Only emergency surgery is
being performed. Only pa-
tients requiring emergency
treatment are admitted. Out-
patient clinics were closed and
all patients in hospitals were
discharged except in cases
where their health would bel
endangered. It is not yet clearl
how hospitals operated byl
Hupat Holim, the Histadrut|
sick fund, will be affected.
Health Minister Morde
Gur said the extrer
measures are necessar
because his ministry has faile
to persuade the Treasury
provide the funds necessary t
continue normal hospital sf
vice. An estimated $60 milb
is needed to keep the pu
hospitals functioning at tna
present level.
REP TOM LANTOS
/.


Friday, Augugt 16, 1986/The Jewish Floridian of Palm Beach County
Anti-Israel Campaign Hits American Campuses
By LLOYD RESNICK knowledgeable Arab student--------------- ^B|
-Aroe/ Campaign At A Glance
Page3
knowledgeable Arab student
The fact that America's or even a Christian student in
future political leaders and a dorm situation, some Jewish
00licy-makers are being students are not able to refute
Educated and nurtured now at their arguments. What we do
Icolleges and universities
across the country is well-
known and accepted. Unfor-
tunately, because of this
realization there exists on
Lany college and university
campuses an Arab-organized
Icampaign to discredit Israel;
[this is also why there is a resul-
[tant need for pro-Israel
I students to become more
I aware of the campaign and act
|to counter it.
"There is a campus-based
I anti-Israel campaign, and we
Ihave to expose it," said
Jonathan Kessler, director of
Ithe Political Leadership
(Development Program
KPLDP) of the American Israel
IPublic Affairs Committee
is try to educate them with a
variety of programs."
Hillel at Florida Atlantic
University sponsors a Monday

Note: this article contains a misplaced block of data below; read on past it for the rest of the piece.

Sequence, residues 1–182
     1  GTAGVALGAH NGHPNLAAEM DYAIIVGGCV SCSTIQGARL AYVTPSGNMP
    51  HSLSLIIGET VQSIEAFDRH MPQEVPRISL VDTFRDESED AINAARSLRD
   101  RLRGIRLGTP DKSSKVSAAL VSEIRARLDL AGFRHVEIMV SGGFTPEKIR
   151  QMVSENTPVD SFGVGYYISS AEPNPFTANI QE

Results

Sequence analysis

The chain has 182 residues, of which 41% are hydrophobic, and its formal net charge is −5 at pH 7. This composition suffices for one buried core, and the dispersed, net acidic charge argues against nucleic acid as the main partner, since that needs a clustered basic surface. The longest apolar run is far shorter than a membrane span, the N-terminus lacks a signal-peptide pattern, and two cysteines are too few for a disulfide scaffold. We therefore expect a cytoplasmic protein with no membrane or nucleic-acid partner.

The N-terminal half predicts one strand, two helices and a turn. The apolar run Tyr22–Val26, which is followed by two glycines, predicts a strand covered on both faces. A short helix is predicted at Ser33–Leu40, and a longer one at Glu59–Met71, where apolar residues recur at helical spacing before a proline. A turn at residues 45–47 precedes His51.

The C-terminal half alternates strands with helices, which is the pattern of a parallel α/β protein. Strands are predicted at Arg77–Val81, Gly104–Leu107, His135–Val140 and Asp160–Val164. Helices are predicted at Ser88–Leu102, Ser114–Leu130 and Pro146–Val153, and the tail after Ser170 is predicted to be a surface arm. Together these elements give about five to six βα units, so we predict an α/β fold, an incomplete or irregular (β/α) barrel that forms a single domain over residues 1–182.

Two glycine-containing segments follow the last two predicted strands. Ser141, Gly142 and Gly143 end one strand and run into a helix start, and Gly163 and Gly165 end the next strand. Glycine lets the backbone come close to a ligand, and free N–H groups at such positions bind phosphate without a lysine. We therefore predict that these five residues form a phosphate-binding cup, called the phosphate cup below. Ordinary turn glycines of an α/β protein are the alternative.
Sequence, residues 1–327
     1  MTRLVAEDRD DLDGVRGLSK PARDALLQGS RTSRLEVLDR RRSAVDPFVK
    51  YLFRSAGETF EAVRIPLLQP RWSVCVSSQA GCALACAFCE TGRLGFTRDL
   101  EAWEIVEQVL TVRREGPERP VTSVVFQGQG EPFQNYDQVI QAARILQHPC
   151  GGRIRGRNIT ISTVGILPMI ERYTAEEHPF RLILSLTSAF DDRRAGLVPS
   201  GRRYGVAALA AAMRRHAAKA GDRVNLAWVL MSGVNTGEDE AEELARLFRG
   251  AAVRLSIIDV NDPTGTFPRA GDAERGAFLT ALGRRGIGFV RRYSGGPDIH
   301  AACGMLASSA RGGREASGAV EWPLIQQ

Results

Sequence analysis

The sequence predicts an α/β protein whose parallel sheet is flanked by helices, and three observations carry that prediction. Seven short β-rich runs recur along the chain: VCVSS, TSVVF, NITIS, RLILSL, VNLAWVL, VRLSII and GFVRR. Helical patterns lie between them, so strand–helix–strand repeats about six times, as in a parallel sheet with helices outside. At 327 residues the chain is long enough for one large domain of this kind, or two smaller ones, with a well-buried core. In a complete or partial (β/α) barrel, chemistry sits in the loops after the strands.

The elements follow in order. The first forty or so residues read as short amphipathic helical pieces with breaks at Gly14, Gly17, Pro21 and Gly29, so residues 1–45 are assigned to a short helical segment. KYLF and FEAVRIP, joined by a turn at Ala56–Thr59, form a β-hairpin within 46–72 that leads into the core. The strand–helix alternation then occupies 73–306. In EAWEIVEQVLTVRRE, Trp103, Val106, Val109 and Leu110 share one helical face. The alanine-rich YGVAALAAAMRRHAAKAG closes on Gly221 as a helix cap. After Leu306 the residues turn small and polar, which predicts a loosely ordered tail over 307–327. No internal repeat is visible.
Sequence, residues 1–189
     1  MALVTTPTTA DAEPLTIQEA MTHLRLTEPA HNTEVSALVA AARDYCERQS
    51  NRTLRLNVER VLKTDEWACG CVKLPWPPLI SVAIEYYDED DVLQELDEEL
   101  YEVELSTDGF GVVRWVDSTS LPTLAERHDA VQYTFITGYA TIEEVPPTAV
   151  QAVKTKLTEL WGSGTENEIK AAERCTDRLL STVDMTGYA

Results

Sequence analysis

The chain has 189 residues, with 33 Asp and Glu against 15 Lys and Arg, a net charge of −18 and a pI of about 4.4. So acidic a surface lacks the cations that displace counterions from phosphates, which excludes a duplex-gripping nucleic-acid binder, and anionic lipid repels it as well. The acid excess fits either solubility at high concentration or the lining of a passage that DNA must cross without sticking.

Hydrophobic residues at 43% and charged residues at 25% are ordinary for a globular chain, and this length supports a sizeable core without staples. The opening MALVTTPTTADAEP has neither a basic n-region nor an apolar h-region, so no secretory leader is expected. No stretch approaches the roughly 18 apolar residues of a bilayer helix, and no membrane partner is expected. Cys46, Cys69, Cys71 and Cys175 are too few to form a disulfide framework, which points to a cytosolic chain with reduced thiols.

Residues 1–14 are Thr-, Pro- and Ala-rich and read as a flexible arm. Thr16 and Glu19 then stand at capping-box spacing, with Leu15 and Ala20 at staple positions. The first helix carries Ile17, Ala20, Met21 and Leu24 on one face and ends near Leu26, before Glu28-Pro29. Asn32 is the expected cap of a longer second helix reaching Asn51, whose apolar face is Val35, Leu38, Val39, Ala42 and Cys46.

night speaker series which
provides accurate information
about the Jewish state.
Workshops on how to promote
pro-Israel ideas in an ar-
ticulate, convincing manner
are also offered. "This sum-
mer," said Ms. Tobin, "we had
13 students attending a varie-
ty of Israel education pro-
grams; the kids don't just
travel to Israel. Some are in-
volved in kibbutz study, others
in academic studies."
Regarding pro-Israel
responses to Arab challenges,
Ms. Tobin said. "We don't use
(AIPAC) and co-author of The anti-Arab propaganda per se
\AIPAC College Guide: Expos- Our approach is more even-
ing the Anti-Israel Campaign handed; we put the emphasis
on being pro-Israel rather than
beine anti-Arab." Jonathan
Kessler agrees. "We fight fire
with water, not with fire," he
said.
on Campus. "We expect
I Israel's detractors to be out in
Iforce on campuses this fall,"
I said Kessler, who emphasized
Ithat the vehemence of such
lanti-Israel activity is directly
[linked to events in the Middle
|East.
For example, Kessler
I remembered that as Israel
I withdrew from Lebanon, the
lanti-Israel campaign had to
back on its more radical
land less effective claims that
I Israel has no right to exist and